Kissing our finisher medals at Bondi Beach
On Tuesday, the official times came out for the City2Surf runners. John and I were pretty well shocked! Last year he ran the race in 1 hour, 31 minutes, 42 seconds (1:31:42). I ran it in 2:13:27. We both ran the whole way, including up the 2km Heartbreak Hill. (I thought I was going to die, but I ran it.)
This year John ran the 14km race in 1:16:49! That’s 14 minutes 53 seconds faster! And we were both whining about how we’re in worse shape this year. With the encouragement of my friend Camy, I used the Galloway method, a series of run/walk intervals, up the hills so that I walked a total of about 10-12 minutes of the race, coming in with a final time of 1:52:44! I went 20 minutes and 43 seconds faster!
Cold and wet before the race even starts - the banner says, "Here for the long run"
Now, if you’re like us, you’re wondering what in the world we did differently, especially if we say we were in worse shape. (And that’s a fact – we were topping out at about 11km during our training runs, but last year we were running hills and doing about 15-20km big runs.) We figured out that probably the biggest factor was that last year we were also entered in a half marathon in September, about five weeks after the City2Surf. We’d never run this course before, we’d heard how horrible Heartbreak Hill was, and we were trying to save ourselves and not hurt ourselves before our bigger race.
John pretends to run when the gun goes off - too many people to move quickly, you have to walk at first
Due to our schedules, we aren’t running the half marathon this year. We decided to just relax and have as much fun as we could and if we came in 10 or 15 minutes slower than last year, so be it. We never dreamed relaxing and having fun with it – and me walking part of the race – would improve our times so drastically.
My friend Lauraine pointed out there’s a good life lesson here. Sometimes we have to slow down in order to move faster. When I was feeling winded, I stopped running and walked at a leisurely pace for 60 seconds. By then, I had my breath back and when I started running again, I was moving faster. I kept telling myself when I was tired – particularly up Heartbreak Hill – that I only had to run for the balance of the five minutes and then I could take a breather. That promise helped me to keep up my pace.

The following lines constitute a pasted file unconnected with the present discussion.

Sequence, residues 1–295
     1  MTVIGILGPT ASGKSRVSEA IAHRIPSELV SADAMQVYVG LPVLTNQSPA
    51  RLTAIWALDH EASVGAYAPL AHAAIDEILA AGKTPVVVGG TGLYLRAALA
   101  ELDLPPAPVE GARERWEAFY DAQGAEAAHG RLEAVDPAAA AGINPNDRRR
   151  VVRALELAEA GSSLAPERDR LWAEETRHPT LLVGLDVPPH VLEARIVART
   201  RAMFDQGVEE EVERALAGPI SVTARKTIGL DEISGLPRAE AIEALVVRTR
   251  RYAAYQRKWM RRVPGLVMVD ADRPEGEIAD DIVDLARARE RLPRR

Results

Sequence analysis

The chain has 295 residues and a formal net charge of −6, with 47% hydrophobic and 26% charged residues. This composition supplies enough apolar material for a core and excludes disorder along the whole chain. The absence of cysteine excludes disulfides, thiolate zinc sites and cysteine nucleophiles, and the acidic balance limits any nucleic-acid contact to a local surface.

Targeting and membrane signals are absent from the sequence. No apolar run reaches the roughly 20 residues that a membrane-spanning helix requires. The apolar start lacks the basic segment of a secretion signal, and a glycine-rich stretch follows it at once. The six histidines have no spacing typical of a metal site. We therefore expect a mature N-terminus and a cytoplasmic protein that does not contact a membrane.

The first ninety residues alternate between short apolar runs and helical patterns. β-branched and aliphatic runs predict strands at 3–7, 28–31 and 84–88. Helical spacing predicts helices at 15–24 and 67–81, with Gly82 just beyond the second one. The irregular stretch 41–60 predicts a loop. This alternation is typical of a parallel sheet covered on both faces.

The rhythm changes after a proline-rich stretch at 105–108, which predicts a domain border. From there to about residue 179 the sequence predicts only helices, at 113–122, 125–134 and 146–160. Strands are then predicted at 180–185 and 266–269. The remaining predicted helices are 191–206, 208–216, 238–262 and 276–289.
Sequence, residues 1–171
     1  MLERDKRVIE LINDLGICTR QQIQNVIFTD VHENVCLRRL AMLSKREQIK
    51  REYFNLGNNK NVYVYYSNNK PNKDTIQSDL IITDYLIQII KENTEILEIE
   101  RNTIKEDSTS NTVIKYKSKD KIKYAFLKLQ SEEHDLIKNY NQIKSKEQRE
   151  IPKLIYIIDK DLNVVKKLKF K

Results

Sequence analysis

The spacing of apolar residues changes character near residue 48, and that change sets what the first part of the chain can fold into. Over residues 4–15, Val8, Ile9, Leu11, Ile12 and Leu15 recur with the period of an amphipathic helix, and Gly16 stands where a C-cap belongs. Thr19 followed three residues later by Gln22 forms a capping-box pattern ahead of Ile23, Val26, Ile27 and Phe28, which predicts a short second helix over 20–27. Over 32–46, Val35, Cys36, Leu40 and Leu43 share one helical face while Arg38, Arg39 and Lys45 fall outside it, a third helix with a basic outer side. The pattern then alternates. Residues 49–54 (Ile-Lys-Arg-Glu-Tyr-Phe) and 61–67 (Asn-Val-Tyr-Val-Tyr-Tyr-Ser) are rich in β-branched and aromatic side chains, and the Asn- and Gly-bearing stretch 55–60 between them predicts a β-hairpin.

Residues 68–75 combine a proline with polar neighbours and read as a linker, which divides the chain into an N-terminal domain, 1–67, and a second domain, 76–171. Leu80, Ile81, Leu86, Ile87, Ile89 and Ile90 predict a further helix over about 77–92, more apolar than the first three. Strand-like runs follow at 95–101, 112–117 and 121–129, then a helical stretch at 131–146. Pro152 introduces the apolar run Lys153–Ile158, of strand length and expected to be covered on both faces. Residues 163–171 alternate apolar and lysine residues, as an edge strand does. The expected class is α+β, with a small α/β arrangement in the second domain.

Soaking wet before we start - but happy to be there
I wonder in how many areas of our lives we can apply this. I know I can apply it on overly busy days. Sometimes I have to just sit down for as little as fifteen seconds and close my eyes and think of only the next three things I have to do. It helps me to focus, which helps me to get those three things done just a little bit faster and/or better.
I’ve tried several different writing routines including the “write as fast as you can and fix it later” approach that so many people tout. But over the last few years, between National Novel Writing Month’s 50,000-word spree and my many homework assignments and due dates, I’ve found that really does not yield me the best long-term results.
Wringing a stream of water out of my sweatshirt after the rain dumped on us
For me, I have to write the scene in my head until it’s done. Then instead of moving on, I go back and add in all the parts that were still in my head because I was typing too fast to get it all out. Once the scene is pretty well written, I can move on to the next scene. When I come back to do the second draft, there is far less work to be done. I may take longer to write a first draft, but I can finish the whole book more quickly by taking my time.
The other thing that made me think about its life application is this. I ran slow enough last year that I had to move into a slower group this year, the Yellow Start. The only people starting after the Yellow group was the Orange, people who didn’t plan on running or who were going to push baby strollers. I was pretty bummed about having to be in the slow group.
Why did it have to rain NOW? But did we run faster because of the weather?
But then I got an email before the race. The Yellow Start group was going to try to break a Guiness Book of World Records record for the most people stretching at one time. The last record was 9000 people in London. A few minutes before the start gun went off for the Yellow group, someone led us in group stretches. The old record was broken – more than 20,000 people stretched together on Sunday! And I was a part of it! It made me think I shouldn’t whine when things don’t go my way. Instead I should look for the silver lining, the little extras we wouldn’t have had if things went as planned.
What about you? Does any of this ring true for things in your life?